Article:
On June 16, 2021, Active Prince William submitted the following general and specific comments on the Thoroughfare Plan Element of the Mobility Chapter in Prince William County’s Pathways to 2040 Comprehensive Plan
Comments on the Thoroughfare Plan Element of the Mobility Chapter in Prince William County’s Pathways to 2040 Comprehensive Plan
Dedicated bus lane infrastructure (Bus Only/BAT[Business Access and Transit]) should be planned for many major roadway arterials (ex. Route 1, Route 234 Business, Dale Blvd, Route 29)
Roadway segments should be identified as “innovative intersection corridors” to replace previously planned lane-mile expansions (ex. Old Centreville Rd, Pageland Ln, Route 234, Prince William Parkway)
Roadways through activity centers and commercial/mixed-use corridors should be redesignated as Urban Boulevards (UB) and Through Boulevards (UTB) (ex. Route 123 and Route 1 in North Woodbridge)
Road diets should be considered for many roadway segments (ex. Occoquan Rd, Williamson Blvd, Lee Hwy/MNBP)
Road capacity expansion should be configured as a managed lane (Toll, HOV, HOT, Bus, BAT). Adding any new unmanaged roadway capacity in the Washington region is unproductive at this point as it relates to future climate and congestion conditions and will only serve to induce SOV travel and increase VMT per capita.
Major “managed lanes” roadway widenings should be packaged with dedicated bus infrastructure on nearby parallel roadways (234 Bypass -> 234 Business, I-95 HOT ->Route 1)
The Alignments of the Four Route 28 Corridor Expansion Alternatives Compared Below
Active Prince William board member Mark Scheufler sent the following comparison of Route 28 corridor alternatives to the Prince William Board of County Supervisors on November 30, 2020.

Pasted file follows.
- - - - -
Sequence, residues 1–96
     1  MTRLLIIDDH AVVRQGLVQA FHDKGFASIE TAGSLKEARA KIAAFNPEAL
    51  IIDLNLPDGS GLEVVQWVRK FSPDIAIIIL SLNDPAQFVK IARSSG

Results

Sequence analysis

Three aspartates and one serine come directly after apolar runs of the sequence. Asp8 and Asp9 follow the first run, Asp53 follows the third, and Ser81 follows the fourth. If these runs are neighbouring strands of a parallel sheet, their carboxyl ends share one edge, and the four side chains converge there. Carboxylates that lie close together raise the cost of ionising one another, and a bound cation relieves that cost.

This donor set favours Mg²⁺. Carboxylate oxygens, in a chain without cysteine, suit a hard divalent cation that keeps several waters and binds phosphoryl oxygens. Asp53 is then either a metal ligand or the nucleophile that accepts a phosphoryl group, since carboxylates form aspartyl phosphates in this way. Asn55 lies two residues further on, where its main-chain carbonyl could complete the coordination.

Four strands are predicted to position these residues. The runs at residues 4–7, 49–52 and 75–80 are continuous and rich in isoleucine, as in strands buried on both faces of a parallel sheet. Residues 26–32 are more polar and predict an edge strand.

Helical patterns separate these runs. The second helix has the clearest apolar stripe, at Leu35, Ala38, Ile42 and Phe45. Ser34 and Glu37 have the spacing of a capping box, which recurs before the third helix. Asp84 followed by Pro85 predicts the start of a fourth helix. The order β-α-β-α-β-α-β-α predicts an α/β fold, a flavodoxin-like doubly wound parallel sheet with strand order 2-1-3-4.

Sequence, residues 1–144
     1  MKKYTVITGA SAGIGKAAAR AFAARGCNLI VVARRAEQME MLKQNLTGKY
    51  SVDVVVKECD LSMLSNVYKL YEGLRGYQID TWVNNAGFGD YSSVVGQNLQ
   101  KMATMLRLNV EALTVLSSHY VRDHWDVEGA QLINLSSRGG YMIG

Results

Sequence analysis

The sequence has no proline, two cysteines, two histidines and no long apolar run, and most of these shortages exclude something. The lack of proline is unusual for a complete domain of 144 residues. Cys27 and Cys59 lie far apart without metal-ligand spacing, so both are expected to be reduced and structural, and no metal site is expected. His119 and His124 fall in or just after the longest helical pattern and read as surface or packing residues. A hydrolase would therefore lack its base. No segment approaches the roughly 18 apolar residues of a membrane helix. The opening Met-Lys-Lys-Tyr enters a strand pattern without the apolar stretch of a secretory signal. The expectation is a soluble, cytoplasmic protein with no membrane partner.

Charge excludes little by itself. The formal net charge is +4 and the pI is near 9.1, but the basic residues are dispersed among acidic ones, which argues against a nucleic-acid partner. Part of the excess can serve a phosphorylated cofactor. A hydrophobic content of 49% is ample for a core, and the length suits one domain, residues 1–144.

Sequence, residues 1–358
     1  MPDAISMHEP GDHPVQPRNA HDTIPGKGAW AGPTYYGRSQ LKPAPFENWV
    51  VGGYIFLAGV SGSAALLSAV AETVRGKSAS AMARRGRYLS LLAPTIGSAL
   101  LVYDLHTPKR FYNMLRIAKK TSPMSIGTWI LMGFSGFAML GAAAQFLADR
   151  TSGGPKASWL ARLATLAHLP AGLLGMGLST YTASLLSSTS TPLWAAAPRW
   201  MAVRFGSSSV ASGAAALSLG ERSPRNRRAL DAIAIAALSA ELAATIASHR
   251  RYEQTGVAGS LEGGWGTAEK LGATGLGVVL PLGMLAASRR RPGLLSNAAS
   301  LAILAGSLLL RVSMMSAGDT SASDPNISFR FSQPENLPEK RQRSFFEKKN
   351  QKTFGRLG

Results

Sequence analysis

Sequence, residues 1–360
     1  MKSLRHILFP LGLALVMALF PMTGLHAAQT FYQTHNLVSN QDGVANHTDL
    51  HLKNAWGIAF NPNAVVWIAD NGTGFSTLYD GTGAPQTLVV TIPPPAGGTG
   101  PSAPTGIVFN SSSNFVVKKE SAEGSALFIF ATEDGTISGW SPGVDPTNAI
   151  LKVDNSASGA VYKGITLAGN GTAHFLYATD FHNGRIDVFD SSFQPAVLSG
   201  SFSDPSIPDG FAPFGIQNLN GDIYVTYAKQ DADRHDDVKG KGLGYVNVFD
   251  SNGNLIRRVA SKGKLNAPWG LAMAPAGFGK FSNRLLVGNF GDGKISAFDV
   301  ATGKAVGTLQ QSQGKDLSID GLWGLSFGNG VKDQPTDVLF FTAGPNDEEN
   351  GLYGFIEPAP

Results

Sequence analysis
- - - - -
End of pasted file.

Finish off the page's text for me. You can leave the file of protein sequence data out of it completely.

Dear Prince William Board of County Supervisors:
In advance of the December 7th virtual public meeting on Route 28, it is timely to correct misinformation about the alternatives to Alignment 2B. The costs of Alternative 4 (Widening Route 28) were overstated by calculating the impacts/costs of widening Route 28 between Blooms Quarry Lane and Liberia Ave that is already six lanes.
Realistic cost estimates are needed not only by the supervisors in Prince William and Fairfax counties, but also by the US Army Corps of Engineers and the Virginia Department of Environmental Quality. Those two agencies may determine that cost differences between Alignment 2B and other alternatives are not sufficient to justify the greater environmental damage.
“Stuart ended with a presentation of the cost summary for the alternatives, which showed that Alternative 4 would be almost $100 million more than Alternatives 2A and 2B. MacKenzie indicated that cost would not be a factor that the Department of Environmental Quality (DEQ) would consider in their evaluation. Rick responded that he understood, but emphasized the need to consider purpose and need in the comparison of the alternatives.